What about different Tech Levels? TL4 to TL8 has a 3.25x difference in monthly pay, and materials and production methods get better. So divide, which means our DR 8 65-lb plate would be about $2,900. That is, again, not insane.

I’m sure there are issues here, but for a quick conversation, I like where it ended up . . . but since you can still swing at ST 17 for 3d with a broadsword, some method of dealing with that issue is recommended. 

The GURPS rules for hollow point or expanding bullets in GURPS are pretty simple: you pick up one level of increased wounding modifier in exchange for having an armor divisor of (0.5), meaning that your projectile is really quite poor at penetrating armor, but pretty good at injuring people.

So 2d+1 (0.5) pi- would normally average 8 points of penetration through armor, and 4 points of injury on an unarmored person. Against DR 4, on the average it would be blocked. Why one would fire off a pi- hollow-point is beyond me, of course – the example just shows how the rules work.

A 9mm FMJ would be 2d+2 pi normally, and thus do 9 points of armor penetration, 9 points of injury, and 5 injury through DR 4. A 9mm hollowpoint would (in RAW GURPS) would punch through only DR 4.5 on the average, and do 13.5 points of injury against an unarmed person. Only one point (on the average) would punch through DR 4, resulting in 1.5 injury.

A .45 ACP would normally do 2d pi+, and in hollowpoint will do 2d (0.5) pi++. So again, against an unarmored person, 7 points of penetration and 10.5 of inury in ball, and 14 in hollow point. Through DR 4, 7 won’t penetrate in JHP, but ball will do 4.5 injury.

In any case, the RAW is simple.

The Ballistic Calculator

My ballistics calculator handles things a bit differently. It recalculates penetration based on the expanded diameter of the projectile instead of applying arbitrary modifiers. This can produce truly monstrous wound channel modifier (though GURPS caps at pi++), but also gives a nice, straightforward damage reduction that isn’t quite as harsh as the (0.5) armor divisor.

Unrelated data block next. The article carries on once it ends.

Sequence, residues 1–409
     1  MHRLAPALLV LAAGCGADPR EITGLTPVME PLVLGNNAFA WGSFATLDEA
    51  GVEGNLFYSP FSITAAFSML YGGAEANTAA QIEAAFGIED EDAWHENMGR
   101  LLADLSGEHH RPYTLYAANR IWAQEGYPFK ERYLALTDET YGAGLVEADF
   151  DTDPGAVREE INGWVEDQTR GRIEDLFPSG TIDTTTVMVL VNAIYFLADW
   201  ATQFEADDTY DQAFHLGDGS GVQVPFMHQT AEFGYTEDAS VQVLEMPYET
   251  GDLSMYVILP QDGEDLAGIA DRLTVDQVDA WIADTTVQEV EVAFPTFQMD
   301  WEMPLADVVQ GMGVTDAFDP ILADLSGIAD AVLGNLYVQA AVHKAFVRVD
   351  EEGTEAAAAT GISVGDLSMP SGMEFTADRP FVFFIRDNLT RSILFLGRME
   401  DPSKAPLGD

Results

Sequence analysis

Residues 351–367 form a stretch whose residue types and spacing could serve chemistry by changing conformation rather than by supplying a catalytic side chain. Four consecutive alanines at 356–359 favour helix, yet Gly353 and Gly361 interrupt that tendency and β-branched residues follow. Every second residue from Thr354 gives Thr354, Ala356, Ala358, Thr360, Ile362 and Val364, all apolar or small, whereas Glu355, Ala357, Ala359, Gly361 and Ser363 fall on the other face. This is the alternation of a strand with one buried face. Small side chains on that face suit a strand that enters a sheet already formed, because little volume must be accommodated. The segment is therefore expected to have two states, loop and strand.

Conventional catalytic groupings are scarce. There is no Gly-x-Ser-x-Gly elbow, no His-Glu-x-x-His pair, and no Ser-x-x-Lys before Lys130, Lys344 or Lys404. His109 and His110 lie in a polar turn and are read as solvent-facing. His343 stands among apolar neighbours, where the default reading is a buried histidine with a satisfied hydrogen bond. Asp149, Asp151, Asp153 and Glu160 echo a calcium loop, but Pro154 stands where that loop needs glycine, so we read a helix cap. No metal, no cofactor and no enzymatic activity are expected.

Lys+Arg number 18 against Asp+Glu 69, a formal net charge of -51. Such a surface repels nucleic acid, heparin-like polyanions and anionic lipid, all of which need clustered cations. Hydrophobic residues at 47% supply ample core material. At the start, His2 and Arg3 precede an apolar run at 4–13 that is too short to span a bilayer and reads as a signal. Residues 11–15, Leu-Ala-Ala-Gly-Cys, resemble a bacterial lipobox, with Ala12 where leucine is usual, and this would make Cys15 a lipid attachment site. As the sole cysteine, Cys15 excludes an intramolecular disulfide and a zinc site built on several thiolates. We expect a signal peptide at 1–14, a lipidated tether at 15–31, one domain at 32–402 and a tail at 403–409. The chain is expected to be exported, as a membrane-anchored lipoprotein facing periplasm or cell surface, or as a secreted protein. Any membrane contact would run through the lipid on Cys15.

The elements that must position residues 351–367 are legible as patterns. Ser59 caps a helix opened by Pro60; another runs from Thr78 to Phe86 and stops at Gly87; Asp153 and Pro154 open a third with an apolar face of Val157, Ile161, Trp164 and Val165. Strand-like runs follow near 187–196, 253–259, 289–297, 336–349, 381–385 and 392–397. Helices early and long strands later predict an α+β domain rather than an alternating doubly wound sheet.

Now, let’s look at three examples. A 1.3 expansion (typical of some .45ACP), a 2.0 expansion (which is typical of Jacketed Soft Point rifle bullets), and 1.65 (which works well for modern 9mm and .40 S&W that was engineered for large expansion).

  • A .45 ACP with no expansion has 2d with a 1.5 modifer. (7 points)
  • A .45 ACP wth a 1.3 expansion has 1d+3 with a 2.1 modifer (6.5 points, or )
  • A .45 ACP with a 1.65 expansion has 1d+2 with a 2.7 modifier (5.5 points, or -22%)
  • A .45 ACP with a 2.0 expansion also does 1d+2 with a 3.4 modifier

A 6.8x43mm would do 6d with a 0.7 modifier unexpanded

  • The 6.8 with a 1.3 expansion would do 5d+2 with a 0.9 (21 to 19.5, or -7%)
  • The 6.8 with a 1.65 expansion would do 5d with a 1.2 (21 to 17.5, or -17%)
  • The 6.8 with a 2.0 expansion would do 4d+3 with a 1.5 (21 to 17, or -19%)
So between soft and expanded, you’re looking at about -20% for effective hollow-points. That’s about -1.5 per 2d damage, regardless of caliber. If you want to account for soft bullets, it’s more like a (0.8) than (0.5).
So a 9mm would go to 2d pi+, and a 6.8mm would be 6d-4.5, which is 5d-1 pi+.
Against armor, it will tend to do a bit better than the RAW, but still worse than unarmored flesh.
The (0.8) will be annoying in play; I’d tend to ditch it, but if you can quickly just increase DR by 25% before figuring penetration, you’re good. 5d-1 pi+ carbine bullet vs DR 12? It becomes DR 15, and likely on the average will do 1.5 penetration, increasing to a bit over 2 points of injury on the average. By RAW, it’s 6d (0.5) pi+, and DR 12 goes to DR 24, and will almost always bounce.

Parting Shot

This is for extreme realism fans, and even so, the modeling work required to pull this off is probably more than most people need. But the RAW really nerfs the penetration abilities of JHP bullets, making them devastating against
unarmored targets, but utterly useless against any sort of armor. That’s true to an extent, but not as much as GURPS makes it.